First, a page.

What is considered not over-optimised and thus runs no risk of a penalty? “Great content” on a “great site”. This is as superficial as it can get. Sadly Google still does not disclose their ranking factors unlike competitor Blekko,where you can look them up right below the search results. So we can only guess on what Google considers to be great content or a great site based on the past explanations given or SEO tests run.
What you can do in order to stay on top of the game despite recurring updates?
Think about people not search engines. Google is always trying to mimic searchers. So you should mimic search users as well not Google who is only mimicking them. Think about humans first and then consider the current ways in which search engines in general or Google in particular attempts to fulfill their wishes.
Over-optimisation always happens when you think about search spiders first and search engine users second or even forget the actual users.
Combine your SEO efforts with CRO (conversion optimisation) and user experience design. Make sure that the people who arrive at your site from search do find what they seek. Landing page optimisation, AB testing and user testing make your sites usable for humans almost as a side-effect so that any dreaded over-optimisation will be cleaned during the process. Readable copy, white space, usable forms, to the point descriptions and striking calls to action are some of the main elements for a successful conversion oriented website.
Consider user intent and ideally provide content and solutions for all three common user intents: navigational, informational, transactional. Make sure your users find exactly the what they need as expressed in the search query. Make sure they find enough background information on it by providing a glossary, an FAQ and other educational content. Make sure they find the product or service or a link to a matching product or service. Old school SEO often ended at the moment when the user clicked on the search result which led to “over-optimised” sites.
Optimise your site as if Google didn’t exist. Make sure all your visitors, direct visitors, social media visitors or referrals do find what they need. Try user personas and traffic segmentation to offer each audience what they are after. The returning visitor wants to know what’s new. The casual social media visitor wants to know why s/he should come back next time. The visitor coming from a referring site wants to find exactly what the other sites suggested s/he will find.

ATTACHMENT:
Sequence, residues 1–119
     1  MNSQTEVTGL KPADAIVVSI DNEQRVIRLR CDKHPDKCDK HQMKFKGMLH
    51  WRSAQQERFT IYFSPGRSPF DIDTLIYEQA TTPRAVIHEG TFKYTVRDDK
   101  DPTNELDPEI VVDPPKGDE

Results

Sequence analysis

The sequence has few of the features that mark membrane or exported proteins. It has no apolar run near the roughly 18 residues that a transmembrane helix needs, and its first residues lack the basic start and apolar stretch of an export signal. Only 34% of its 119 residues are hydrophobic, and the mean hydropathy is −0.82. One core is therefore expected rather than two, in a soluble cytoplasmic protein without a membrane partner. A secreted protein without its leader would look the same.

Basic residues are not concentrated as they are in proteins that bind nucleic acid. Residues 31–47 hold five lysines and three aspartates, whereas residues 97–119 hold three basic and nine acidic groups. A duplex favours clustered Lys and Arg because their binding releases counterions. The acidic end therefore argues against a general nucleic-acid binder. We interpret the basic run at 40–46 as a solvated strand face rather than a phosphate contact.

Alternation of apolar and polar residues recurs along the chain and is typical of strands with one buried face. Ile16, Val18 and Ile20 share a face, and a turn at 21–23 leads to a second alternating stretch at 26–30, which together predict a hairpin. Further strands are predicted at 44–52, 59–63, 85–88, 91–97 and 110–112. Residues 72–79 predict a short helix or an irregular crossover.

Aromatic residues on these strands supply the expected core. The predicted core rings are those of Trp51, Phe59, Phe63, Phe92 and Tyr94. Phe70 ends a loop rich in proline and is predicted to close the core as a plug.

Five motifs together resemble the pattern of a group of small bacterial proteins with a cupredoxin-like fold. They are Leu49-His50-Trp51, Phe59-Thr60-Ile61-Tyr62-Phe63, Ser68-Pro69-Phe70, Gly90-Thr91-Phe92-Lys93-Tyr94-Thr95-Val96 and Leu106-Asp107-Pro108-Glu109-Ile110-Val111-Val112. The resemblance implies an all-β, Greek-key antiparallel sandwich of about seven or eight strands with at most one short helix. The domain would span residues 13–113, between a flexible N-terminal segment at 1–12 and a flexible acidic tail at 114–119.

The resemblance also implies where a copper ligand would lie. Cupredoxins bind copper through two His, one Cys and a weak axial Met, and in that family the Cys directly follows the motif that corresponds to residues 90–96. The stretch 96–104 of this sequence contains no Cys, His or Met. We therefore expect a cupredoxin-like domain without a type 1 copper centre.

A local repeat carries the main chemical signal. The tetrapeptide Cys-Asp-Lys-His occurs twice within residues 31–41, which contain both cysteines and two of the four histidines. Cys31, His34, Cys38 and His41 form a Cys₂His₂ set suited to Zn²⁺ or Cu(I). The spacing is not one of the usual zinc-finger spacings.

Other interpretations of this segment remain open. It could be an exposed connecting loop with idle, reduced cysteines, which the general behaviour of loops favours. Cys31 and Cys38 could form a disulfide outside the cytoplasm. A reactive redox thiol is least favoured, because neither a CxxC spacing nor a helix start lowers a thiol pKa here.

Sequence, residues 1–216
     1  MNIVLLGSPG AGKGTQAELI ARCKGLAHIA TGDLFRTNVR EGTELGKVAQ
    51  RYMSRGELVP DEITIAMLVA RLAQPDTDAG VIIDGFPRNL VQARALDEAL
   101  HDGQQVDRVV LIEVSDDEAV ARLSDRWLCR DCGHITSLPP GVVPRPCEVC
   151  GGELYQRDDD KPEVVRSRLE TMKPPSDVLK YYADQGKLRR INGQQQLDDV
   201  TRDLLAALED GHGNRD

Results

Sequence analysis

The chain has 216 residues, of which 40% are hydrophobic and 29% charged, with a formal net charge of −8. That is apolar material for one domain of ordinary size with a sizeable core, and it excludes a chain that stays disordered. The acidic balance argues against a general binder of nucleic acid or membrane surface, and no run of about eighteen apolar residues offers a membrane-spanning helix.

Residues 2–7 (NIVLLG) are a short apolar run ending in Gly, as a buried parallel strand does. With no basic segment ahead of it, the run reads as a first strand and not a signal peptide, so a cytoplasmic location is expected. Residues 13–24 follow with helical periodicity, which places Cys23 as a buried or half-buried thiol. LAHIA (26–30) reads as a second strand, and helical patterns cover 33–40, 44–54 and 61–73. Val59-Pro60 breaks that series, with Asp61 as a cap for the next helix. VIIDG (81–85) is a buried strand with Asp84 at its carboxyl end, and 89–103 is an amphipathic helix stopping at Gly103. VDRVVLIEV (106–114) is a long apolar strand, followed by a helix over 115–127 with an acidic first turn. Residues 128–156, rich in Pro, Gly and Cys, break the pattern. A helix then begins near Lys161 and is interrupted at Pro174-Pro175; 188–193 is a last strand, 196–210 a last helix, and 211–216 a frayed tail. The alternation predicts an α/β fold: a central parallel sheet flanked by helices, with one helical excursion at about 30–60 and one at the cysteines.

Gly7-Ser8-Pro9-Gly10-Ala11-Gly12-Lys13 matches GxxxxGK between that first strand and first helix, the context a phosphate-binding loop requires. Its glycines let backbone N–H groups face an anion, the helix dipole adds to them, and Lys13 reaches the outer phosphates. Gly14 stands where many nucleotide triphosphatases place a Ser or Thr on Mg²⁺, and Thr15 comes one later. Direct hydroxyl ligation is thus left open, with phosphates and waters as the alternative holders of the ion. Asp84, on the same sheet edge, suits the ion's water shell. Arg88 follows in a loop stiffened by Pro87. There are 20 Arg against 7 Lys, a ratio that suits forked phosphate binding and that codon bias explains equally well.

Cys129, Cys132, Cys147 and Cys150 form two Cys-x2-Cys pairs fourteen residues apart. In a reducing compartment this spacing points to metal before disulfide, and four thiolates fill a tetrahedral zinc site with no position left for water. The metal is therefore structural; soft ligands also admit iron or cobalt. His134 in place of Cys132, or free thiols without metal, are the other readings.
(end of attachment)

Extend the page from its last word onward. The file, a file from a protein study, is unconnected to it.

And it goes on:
Write for social media users not just searchers. Most search users expect to find the keyword they entered into the search box on the page. They ignore fluff and hyperbole and focus solely on the keyword. Social media users are often different. They don’t look for a particular result they have on their mind. They are after the inspiration, something they don’t know yet so they can’t even search for it. Some bloggers add adjectives like “awesome” just to make social media users notice their articles. Find the middle ground between the SEO friendly and human readable enticing writing and do not just reduce title tags and file names to keywords.
Recent industry articles on the upcoming over-optimisation update:
- Google’s Pending Algorithm Update to Penalize Over-Optimized Content
- Too Much SEO? Google’s Working On An “Over-Optimization” Penalty For That
- Is An Over-Optimization Penalty Coming For You?
- Over-Optimization vs Optimization
- Over Optimization Penalty Speculation
- POV on Google’s “Over-Optimization” Update
- Google’s “Trust Us” Penalty
- Over-Optimized? Google Announces New Penalty for Too Much SEO
Are you afraid of the over-optimisation penalty? Do you care? Do we have to beware of the upcoming update or just keep calm and keep on doing SEO as usual? Please share your opinion in the comment section!
Images courtesy of the Blind Five Year Old and Bart Heird